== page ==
Capital gains tax is applied in most countries and Spain is no exception. Essentially, capital gains tax is a levy imposed on the sale of a non-inventory asset, that is, a capital asset that’s not likely to be liquidated into cash within a year. The most common capital gains are profits earned from the sale of stocks, bonds, and property. Exactly when and what you have to pay varies from country to country, depending on your residential status. However, capital gains tax in Spain is paid on the profit you make from all property sales, whether you are a resident or not. In this article, we discuss calculating capital gains tax in Spain, so you can get an idea of what you may owe.
Working out capital gains tax in Spain
Capital gains tax in Spain for non-residents
Unusually, capital gains tax in Spain is simpler for non-residents than residents. For non-residents, the Spanish capital gains tax is a flat rate of 19% on profits made on the sale of a home. However, calculating capital gains tax is a little more complex than merely working out 19% of the sale price. Instead, you need to calculate the following:
- The true purchase price:
- This will be calculated from the purchase price (as written on the Title Deed) with plus some costs incurred during the purchase, including VAT, Land Registry fees, Notary fees, Transmission tax and legal fees.
- The final sale figure
- This will be calculated from the current selling price, less the costs incurred during the sale. For instance, this would include your legal fees. Some costs of major structural alterations made to the property can also be deducted. However, you will need to be able to produce the official receipts for the materials and work involved. If you have made alterations to your property and you have not included these in your Title Deed, this needs to be rectified at the point of sale.
Finally, we can calculate:
- Final sale figure – true purchase price = net profit
The amount of capital gains tax you owe will be deducted from the net profit.
Capital gains tax in Spain for residents
In contrast, if you are resident in Spain, the amount of capital gains tax you pay is incremental. Remember, you are considered a tax resident in Spain if you reside in the country for more than 183 days per year.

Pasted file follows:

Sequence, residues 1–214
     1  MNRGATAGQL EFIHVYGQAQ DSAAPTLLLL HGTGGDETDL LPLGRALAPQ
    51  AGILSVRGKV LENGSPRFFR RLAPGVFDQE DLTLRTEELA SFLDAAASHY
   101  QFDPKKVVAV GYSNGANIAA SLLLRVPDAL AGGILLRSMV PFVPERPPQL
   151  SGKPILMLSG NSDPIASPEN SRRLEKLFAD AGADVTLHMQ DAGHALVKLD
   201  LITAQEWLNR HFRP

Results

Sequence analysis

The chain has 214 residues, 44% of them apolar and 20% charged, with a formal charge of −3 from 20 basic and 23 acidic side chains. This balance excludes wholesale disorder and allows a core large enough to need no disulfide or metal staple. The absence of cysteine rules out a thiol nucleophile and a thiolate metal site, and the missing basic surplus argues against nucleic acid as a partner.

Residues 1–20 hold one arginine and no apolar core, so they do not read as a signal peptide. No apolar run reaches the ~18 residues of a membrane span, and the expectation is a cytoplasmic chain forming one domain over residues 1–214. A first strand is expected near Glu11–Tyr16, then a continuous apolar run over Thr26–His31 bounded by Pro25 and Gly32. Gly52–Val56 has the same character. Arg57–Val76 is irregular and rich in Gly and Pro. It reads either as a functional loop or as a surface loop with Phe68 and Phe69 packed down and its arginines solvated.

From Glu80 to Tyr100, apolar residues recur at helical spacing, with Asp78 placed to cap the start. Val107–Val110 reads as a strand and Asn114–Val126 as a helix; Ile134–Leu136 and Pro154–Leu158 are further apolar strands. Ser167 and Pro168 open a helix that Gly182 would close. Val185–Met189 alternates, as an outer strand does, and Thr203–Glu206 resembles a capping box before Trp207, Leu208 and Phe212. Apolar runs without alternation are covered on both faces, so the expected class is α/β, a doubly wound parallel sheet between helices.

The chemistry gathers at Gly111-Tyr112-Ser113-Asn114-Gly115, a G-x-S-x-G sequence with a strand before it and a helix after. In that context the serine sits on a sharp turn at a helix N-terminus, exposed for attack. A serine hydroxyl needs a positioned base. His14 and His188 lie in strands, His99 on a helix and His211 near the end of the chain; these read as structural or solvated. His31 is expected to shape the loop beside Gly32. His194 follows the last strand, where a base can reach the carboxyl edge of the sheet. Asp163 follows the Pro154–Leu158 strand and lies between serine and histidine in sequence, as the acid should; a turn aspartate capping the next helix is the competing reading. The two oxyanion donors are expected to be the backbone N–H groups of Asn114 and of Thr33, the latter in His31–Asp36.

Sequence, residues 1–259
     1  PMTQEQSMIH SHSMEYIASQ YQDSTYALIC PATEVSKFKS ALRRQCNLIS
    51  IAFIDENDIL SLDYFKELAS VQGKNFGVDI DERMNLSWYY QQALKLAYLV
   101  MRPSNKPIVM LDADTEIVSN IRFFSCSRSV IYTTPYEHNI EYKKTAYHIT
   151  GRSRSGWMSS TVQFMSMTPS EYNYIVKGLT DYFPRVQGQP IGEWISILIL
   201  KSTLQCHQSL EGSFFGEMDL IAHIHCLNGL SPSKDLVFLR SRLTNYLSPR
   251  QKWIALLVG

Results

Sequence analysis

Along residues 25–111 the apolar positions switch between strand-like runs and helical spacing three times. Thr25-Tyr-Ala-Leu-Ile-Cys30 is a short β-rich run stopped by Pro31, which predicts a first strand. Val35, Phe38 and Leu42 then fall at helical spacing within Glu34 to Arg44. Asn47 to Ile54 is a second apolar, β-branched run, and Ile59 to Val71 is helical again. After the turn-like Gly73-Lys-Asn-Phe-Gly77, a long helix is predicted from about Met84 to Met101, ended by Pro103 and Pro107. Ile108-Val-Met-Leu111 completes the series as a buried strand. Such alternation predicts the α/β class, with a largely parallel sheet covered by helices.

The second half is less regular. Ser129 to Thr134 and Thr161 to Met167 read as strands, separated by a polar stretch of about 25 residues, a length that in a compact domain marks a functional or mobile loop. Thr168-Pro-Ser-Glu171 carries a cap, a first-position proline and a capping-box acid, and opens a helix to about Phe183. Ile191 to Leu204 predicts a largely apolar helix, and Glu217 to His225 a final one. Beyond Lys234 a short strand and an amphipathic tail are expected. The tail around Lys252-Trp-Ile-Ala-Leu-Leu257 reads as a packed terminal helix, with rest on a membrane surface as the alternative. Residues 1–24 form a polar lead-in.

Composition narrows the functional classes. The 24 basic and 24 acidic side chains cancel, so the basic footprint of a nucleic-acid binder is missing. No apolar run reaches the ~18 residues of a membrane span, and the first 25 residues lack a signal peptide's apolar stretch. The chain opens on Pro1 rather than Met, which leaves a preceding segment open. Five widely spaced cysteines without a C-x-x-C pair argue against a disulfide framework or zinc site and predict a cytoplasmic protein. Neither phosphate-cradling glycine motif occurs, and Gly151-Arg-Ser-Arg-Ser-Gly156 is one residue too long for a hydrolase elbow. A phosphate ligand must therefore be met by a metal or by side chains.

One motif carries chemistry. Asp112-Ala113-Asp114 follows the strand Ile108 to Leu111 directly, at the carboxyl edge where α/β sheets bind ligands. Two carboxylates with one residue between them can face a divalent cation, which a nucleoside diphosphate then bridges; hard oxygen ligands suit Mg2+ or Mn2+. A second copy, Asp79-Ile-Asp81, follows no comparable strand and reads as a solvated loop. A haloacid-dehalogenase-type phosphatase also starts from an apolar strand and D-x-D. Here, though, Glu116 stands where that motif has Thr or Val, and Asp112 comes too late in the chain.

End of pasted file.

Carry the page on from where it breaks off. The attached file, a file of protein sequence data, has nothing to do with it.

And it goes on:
Therefore, as a resident, the Spanish capital gains tax you owe will be:
- 19% for the first €6,000 profit
- From €6,000 to €50,000, the tax percentage is 21%
- From €50,000 upwards, it’s 23%
|Profit||Up to €6,000||From €6,000 to €50,000||More than €50,000|
Remember, if you are unsure about your capital gains tax obligations, consult with an expert. It is not advisable to follow online routes involving a tax calculator – Spain has some complex bureaucratic systems. Furthermore, CGT is a further levy applied on regular income tax in Spain so an income tax calculator may be incorrect.
Residents selling their home in the UK
In Spain, as in many European countries, you are liable for tax on your global income. If you are a resident in Spain and sell your property in the UK, then you are also liable to pay capital gains tax in Spain. You must declare the income from the sale on your annual resident tax declaration. However, it is important to remember that this declaration covers the previous year. Therefore, if you sold your house in May 2019 you would declare it in June 2020 and not in that year’s declaration.
Furthermore, the Autumn 2018 budget introduced changes to capital gains tax in the UK. Currently, you don’t have to pay capital gains tax on your main home. However, now you need to pay capital gains tax on second homes and buy to let properties. In the UK, you pay a higher rate of capital gains tax on property than other assets. Basic-rate taxpayers pay 18%, while higher band taxpayers pay 28%. However, all taxpayers have an annual CGT allowance, which means they can earn a certain amount tax-free. In 2019-20, capital gains of up to £12,000 are tax-free.
Seek expert advice on your taxes
Taxation is complex, especially if you live in a foreign country or own a second home. Don’t be tempted to turn to an online Spanish property tax calculator – the system can be complicated. Instead, seek expert advice on your taxes from a qualified professional. At Ábaco Advisers, we have extensive experience helping foreign nationals navigate the tax system in Spain and how it interacts with their tax obligations at home. For more information, don’t hesitate to get in touch.